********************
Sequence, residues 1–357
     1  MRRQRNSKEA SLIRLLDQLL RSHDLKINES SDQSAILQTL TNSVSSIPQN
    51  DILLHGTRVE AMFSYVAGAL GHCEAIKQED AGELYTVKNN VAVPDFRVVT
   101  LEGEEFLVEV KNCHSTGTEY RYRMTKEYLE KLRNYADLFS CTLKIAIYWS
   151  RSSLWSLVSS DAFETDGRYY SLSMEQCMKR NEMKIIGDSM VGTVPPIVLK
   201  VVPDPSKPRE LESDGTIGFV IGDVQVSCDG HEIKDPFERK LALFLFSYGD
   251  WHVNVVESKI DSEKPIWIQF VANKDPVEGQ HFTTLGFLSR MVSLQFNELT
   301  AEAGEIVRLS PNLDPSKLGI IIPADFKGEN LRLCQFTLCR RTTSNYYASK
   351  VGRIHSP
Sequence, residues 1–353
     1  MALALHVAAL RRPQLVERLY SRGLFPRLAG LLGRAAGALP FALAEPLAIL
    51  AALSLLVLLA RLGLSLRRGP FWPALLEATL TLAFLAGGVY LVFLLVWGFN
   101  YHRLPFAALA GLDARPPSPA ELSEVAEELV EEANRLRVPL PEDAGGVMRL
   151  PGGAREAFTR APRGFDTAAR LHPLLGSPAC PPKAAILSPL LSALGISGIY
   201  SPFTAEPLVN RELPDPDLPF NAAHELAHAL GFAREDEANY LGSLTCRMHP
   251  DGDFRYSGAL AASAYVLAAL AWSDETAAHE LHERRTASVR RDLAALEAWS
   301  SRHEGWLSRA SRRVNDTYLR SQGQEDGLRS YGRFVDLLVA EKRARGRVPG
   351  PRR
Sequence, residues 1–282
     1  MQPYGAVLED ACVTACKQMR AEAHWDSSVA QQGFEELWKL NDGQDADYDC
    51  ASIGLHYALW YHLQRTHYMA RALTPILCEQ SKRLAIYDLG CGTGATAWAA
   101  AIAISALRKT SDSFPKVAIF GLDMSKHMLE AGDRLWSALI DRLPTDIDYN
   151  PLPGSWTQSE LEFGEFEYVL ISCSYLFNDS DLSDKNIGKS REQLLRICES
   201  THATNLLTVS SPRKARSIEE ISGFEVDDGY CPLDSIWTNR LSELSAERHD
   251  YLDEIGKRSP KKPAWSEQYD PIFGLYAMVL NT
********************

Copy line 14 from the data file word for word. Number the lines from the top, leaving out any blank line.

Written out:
   151  PGGAREAFTR APRGFDTAAR LHPLLGSPAC PPKAAILSPL LSALGISGIY